https://www.investopedia.com/article...an-finance.asp
They point to the Erie canal and the Black Ball line as the turning point in New York's fortunes away from Philadelphia. The Black Ball line was a Liverpool line. It gave connections with Liverpool a massive trading centre at the time.
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Old 10-16-2018, 11:43 AM
 
Location: On the Great South Bay
6,836 posts, read 9,433,542 times
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Quote:
Originally Posted by ColdAilment View Post
When did New York City begin to compete with London on the world stage as an equal? London being the much older and more established city has had a huge leg up on New York for a long time, but I think most would agree that today they are relative equals, with a nod going to New York City in a lot of areas.


When did New York City's economy begin to compete at a similar level with London's?


When did New York City's fame begin to match London's on a global scale?
I think it is hard to pinpoint an exact year but if you had to pick one, I would say 1898. That is the year the boroughs consolidated into the City of Greater New York. Chiefly the City of New York (which included Manhattan and the Bronx) joined with the City of Brooklyn and the independent towns of Queens and Staten Island.

https://en.wikipedia.org/wiki/City_of_Greater_New_York

In reality though, it was a gradual process over the 19th century. New York was booming at the time and even though she was initially far behind most European cities, she was able to catch up rapidly. For instance, the New York Philharmonic Orchestra was founded in 1842 - the same year as the famous Vienna Orchestra. In the same way, the Metropolitan Museums of Art was founded in New York in 1870, early enough to be able to obtain what is today one of the greatest museum collection's of art.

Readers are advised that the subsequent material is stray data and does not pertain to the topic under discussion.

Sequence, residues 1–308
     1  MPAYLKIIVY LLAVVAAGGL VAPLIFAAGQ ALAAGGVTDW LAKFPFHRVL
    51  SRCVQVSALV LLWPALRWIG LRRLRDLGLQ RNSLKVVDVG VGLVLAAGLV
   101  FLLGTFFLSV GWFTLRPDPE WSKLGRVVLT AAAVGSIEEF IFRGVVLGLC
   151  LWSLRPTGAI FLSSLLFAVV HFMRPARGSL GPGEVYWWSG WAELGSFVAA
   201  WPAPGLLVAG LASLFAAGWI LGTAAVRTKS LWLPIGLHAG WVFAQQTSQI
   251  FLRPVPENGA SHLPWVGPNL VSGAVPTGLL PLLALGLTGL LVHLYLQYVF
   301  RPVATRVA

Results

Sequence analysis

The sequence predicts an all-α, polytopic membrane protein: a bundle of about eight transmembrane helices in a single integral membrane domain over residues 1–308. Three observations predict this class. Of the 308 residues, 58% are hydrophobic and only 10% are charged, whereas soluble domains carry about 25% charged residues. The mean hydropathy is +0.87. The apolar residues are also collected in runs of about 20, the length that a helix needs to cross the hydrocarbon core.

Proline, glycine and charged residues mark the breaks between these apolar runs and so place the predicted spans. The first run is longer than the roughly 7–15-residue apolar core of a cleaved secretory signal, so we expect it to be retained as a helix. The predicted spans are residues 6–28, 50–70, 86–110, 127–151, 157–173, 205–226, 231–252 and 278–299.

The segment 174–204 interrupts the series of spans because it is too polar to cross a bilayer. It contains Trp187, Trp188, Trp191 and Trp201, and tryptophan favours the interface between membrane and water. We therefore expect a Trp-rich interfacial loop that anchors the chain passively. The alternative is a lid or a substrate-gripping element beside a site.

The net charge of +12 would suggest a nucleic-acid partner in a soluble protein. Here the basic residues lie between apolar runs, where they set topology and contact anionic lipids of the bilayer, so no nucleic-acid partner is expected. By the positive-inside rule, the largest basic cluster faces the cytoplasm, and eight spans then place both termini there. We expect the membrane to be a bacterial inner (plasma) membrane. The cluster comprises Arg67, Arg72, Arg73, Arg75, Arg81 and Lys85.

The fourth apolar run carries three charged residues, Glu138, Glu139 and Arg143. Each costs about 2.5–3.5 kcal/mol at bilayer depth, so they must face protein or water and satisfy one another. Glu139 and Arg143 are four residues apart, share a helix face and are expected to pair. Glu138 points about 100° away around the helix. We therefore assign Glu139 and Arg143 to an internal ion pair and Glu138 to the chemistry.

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Old 10-26-2018, 06:24 PM
 
Location: London U.K.
1,295 posts, read 527,931 times
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Quote:
Originally Posted by Rumann Koch View Post
PBS just ran a five-part series: Victorian Slum House.

In the series a group of 15 modern-day volunteers, aged between 10 and 59, are transported back to Victorian London as they spend three weeks living and working in a recreation of the notorious Old Nichol slum in Bethnal Green in London's East End.

A combined reality and historical drama, it really helps you understand the rise of the inner city of London (it does also discuss New York), and the ongoing plight of the poor.

Try and catch it!
I wasn’t aware of the PBS series, although I watch PBS America often over here in old London Town, but Old Nichol Street still exists, it runs from Shoreditch High Street to Swanfield Street, in Bethnal Green.
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Old 10-30-2018, 08:40 PM
 
Location: Ohio
18,160 posts, read 13,345,222 times
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Quote:
Originally Posted by ColdAilment View Post
When did New York City begin to compete with London on the world stage as an equal? London being the much older and more established city has had a huge leg up on New York for a long time, but I think most would agree that today they are relative equals, with a nod going to New York City in a lot of areas.

When did New York City's economy begin to compete at a similar level with London's?